Professor A. E. Dick Howard was steadily in the news for a series of lectures he gave around the world about the 800th anniversary of Magna Carta. Citations to Professor Brandon Garrett's work on his book "Too Big to Jail: How Prosecutors Compromise with Corporations" were prolific throughout the media, and Garrett was quoted in numerous stories of alleged corporate malfeasance. Professor Ruth Mason helped influence the conversation on a key U.S. Supreme Court tax case, and Professor Michael Livermore's work with Dartmouth researchers on analyzing Supreme Court texts also garnered substantial attention. Others (Jonathan Cannon, Paul Mahoney, Saikrishna Prakash and Frederick Schauer) published books that reflect on legal and regulatory dilemmas. Following the publication of Mahoney's "Wasting a Crisis," Congress called on the dean to testify at a U.S. House Financial Committee hearing regarding the aftereffects of the Dodd-Frank legislation, enacted in the wake of the 2008 financial crisis. Mahoney will also be speaking at UVA's graduation on May 22.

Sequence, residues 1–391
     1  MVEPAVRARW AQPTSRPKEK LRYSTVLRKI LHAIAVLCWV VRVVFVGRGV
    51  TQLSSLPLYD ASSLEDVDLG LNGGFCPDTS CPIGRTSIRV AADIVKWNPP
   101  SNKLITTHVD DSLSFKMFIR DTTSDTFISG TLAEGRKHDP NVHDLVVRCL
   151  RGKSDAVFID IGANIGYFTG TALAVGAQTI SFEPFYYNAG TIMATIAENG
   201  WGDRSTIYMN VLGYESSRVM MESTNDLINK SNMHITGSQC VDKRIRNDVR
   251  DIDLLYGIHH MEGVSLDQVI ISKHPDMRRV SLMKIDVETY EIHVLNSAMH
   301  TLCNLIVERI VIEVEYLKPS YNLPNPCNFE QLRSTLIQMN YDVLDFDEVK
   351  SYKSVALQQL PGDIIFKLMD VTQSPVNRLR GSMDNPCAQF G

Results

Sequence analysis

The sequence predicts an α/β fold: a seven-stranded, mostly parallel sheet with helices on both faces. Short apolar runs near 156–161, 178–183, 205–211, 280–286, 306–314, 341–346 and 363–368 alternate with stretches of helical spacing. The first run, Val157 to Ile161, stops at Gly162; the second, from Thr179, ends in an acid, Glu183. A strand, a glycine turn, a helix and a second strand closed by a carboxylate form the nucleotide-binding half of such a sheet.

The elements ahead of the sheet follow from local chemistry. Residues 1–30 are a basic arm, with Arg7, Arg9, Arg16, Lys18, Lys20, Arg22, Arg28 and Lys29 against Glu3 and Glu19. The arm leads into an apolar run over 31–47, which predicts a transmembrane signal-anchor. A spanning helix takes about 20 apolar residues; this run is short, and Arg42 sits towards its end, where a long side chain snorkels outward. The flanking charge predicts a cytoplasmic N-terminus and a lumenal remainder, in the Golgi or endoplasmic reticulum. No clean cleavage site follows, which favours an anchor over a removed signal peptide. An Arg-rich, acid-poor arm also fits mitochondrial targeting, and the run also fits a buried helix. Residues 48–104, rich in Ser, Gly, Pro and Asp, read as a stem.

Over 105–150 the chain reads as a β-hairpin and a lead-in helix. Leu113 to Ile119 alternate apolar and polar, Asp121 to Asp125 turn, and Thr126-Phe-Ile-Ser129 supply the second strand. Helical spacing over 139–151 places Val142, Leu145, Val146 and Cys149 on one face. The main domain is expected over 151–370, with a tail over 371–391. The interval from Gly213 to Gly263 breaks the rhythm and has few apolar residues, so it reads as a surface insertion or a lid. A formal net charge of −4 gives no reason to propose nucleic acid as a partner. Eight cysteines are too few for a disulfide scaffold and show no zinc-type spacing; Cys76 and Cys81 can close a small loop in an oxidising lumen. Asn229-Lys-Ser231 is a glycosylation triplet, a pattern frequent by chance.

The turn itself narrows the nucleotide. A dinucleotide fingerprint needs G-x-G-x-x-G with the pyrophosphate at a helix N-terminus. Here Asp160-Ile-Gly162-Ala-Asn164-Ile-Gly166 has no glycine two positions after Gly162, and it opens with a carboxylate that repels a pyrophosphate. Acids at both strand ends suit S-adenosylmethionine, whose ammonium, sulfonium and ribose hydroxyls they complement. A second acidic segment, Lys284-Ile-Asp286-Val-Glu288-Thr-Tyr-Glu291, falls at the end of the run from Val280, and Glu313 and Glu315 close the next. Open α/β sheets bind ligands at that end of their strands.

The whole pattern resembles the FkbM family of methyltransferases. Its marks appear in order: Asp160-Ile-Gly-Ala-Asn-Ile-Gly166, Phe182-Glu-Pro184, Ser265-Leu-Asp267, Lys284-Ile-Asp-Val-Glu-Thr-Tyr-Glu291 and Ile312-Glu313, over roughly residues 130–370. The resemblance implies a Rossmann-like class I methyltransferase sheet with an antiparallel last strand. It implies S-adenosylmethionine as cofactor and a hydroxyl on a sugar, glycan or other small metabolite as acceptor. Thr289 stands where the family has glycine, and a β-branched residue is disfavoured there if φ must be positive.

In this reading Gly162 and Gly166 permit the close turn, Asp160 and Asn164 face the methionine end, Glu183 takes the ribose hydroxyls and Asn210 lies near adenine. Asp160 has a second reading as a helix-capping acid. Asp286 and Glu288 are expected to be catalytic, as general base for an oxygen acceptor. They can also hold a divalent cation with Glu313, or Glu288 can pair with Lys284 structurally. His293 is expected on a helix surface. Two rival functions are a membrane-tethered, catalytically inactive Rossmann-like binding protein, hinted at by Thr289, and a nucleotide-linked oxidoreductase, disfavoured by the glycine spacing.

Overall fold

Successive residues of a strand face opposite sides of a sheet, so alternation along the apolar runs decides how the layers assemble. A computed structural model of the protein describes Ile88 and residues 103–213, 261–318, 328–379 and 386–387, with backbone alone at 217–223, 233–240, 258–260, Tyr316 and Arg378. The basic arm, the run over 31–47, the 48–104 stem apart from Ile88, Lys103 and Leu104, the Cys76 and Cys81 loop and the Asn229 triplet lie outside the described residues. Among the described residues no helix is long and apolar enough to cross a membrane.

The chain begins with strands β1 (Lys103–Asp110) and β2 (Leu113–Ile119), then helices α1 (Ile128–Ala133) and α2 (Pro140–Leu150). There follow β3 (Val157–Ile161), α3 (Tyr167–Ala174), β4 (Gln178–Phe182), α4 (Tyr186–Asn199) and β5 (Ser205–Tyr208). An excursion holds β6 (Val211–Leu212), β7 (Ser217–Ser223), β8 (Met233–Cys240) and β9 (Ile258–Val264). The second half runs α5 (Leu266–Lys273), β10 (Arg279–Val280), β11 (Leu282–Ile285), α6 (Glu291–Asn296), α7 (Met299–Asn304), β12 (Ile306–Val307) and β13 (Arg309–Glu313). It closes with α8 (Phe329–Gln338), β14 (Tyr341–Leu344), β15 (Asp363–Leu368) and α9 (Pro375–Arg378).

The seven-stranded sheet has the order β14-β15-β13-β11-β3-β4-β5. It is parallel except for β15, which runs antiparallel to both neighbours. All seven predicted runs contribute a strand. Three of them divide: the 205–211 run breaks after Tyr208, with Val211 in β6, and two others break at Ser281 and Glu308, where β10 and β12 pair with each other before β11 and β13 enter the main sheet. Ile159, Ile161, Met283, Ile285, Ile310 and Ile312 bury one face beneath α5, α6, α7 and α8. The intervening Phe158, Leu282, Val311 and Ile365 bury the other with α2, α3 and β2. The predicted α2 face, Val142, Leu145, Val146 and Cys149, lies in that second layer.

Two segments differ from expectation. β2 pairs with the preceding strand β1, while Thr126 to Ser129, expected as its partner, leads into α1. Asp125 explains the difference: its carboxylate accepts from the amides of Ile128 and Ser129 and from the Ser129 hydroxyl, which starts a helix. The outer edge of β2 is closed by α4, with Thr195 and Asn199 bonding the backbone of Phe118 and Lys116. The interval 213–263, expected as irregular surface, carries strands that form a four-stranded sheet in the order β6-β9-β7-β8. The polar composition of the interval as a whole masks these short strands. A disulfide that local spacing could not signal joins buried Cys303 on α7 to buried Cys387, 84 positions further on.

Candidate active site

Anne Coughlin
Professor Anne Coughlin

Professor Anne Coughlin, who had worked with students through the Molly Pitcher Project to fight for women in the U.S. military to be allowed to serve in combat roles, was again in the news when the combat exclusion came to an end.

Behind the Scenes of Student Life

As new SBA president Morgan Lingar and new Virginia Law Review editor-in-chief Andrew Lemens introduced themselves and gave us previews of their work ahead, The Libel Show and the Human Rights Study Project gave us access to behind-the-scenes images of what they do. #UVALawDay also gave us a picture of a day in the life at UVA Law.

We also saw students:

Founded in 1819, the University of Virginia School of Law is the second-oldest continuously operating law school in the nation. Consistently ranked among the top law schools, Virginia is a world-renowned training ground for distinguished lawyers and public servants, instilling in them a commitment to leadership, integrity and community service.